Colossal Clean Crawled Corpus (C4), an AI dataset used by major tech companies, contains data from various crypto-related websites.
C4 dataset draws from crypto sites
The Washington Post and the Allen Institute for AI recently analyzed the C4 dataset, ranking websites by the number of “tokens” or text snippets taken from each source.
The U.S. Securities and Exchange Commission — which in part contains content on cryptocurrency regulation — was among the dataset’s largest sources. Its website (sec.gov) ranked at #39 and accounted for 36 million, or 0.02%, of C4’s tokens.
Bitcointalk.org, a blockchain discussion board created by Satoshi Nakamoto, ranked at #780. It accounted for 6.1 million, or 0.004%, of C4’s tokens.
Cryptocurrency news and aggregation sites such as Cointelegraph and Coinmarketcap.com were also represented. Eight such sites collectively accounted for at least 0.008% of C4’s tokens, though other sites likely increase the true total.
Websites related to specific cryptocurrencies and exchanges were also represented in the dataset but accounted for a negligible amount of tokens.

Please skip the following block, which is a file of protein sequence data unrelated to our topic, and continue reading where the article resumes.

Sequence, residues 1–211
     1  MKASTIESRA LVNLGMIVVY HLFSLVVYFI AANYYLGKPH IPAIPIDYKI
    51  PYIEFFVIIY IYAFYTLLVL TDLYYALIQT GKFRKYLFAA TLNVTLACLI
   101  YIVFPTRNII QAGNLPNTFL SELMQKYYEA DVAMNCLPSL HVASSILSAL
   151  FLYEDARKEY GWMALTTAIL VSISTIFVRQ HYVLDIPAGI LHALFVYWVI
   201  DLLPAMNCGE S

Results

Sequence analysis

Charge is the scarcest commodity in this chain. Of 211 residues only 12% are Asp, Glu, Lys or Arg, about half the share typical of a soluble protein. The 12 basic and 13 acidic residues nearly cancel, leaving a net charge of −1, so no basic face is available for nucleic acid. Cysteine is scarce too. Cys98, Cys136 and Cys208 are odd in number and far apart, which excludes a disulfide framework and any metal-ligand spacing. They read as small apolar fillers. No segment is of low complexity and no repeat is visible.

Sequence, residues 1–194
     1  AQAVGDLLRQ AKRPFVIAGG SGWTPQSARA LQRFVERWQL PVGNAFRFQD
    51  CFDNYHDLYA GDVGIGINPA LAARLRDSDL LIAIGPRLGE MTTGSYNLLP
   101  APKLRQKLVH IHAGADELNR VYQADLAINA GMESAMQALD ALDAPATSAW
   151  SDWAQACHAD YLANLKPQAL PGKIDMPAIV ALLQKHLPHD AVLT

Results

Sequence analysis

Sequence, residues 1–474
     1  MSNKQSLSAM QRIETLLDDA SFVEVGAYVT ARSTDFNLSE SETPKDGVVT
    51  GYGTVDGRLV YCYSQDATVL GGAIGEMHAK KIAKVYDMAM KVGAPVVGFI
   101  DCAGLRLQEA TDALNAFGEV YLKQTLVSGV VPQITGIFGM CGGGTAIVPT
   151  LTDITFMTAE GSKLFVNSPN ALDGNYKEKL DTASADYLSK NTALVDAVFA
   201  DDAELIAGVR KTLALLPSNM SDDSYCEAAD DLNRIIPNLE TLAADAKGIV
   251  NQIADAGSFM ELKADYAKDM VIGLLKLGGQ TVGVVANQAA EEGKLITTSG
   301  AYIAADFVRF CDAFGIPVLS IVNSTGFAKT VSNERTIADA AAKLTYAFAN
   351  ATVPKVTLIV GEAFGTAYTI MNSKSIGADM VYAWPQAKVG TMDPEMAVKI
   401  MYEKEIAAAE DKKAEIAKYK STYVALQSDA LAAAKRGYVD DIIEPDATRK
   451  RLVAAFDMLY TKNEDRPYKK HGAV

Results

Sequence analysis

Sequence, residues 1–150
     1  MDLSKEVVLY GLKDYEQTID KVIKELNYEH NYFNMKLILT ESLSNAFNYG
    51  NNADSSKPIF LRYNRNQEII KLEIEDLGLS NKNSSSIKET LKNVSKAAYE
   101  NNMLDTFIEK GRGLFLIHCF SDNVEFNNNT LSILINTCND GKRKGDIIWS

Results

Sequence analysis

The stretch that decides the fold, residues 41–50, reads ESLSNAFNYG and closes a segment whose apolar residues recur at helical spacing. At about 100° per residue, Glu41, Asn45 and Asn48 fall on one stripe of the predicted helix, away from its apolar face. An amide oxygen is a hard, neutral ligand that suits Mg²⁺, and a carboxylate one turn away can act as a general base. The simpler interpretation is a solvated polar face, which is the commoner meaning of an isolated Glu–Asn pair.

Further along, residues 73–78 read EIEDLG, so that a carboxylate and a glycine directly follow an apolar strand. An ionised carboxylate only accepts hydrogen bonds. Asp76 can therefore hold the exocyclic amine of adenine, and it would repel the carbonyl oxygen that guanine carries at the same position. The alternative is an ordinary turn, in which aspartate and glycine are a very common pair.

Two crypto-adjacent sites also ranked highly. IPFS (ipfs.io) ranked at #16 while Steemit (steemit.com) ranked at #594. The first site is a distributed network from the blockchain firm Protocol Labs, while the second makes direct use of blockchain. However, these sites do not necessarily contain content related to cryptocurrency.
Mainstream sites topped the list
The C4 dataset is used in AI language models from major tech companies including Google’s T5 and Facebook’s LLaMA, according to the Washington Post.
Though the above sites are among C4’s most significant crypto-related websites, they are outranked by mainstream websites and news sources, which often cover cryptocurrency topics and are likely the primary source for all crypto-related data.
C4 has also been criticized for containing hate speech and pirated data. Though the dataset’s name suggests that it has been “cleaned,” its assemblers only used a list of 400 words to censor specific content, meaning that controversial content remains intact.
The presence of crypto sites, as well as the presence of controversial data, could affect the level of bias seen in content produced by AI chatbots.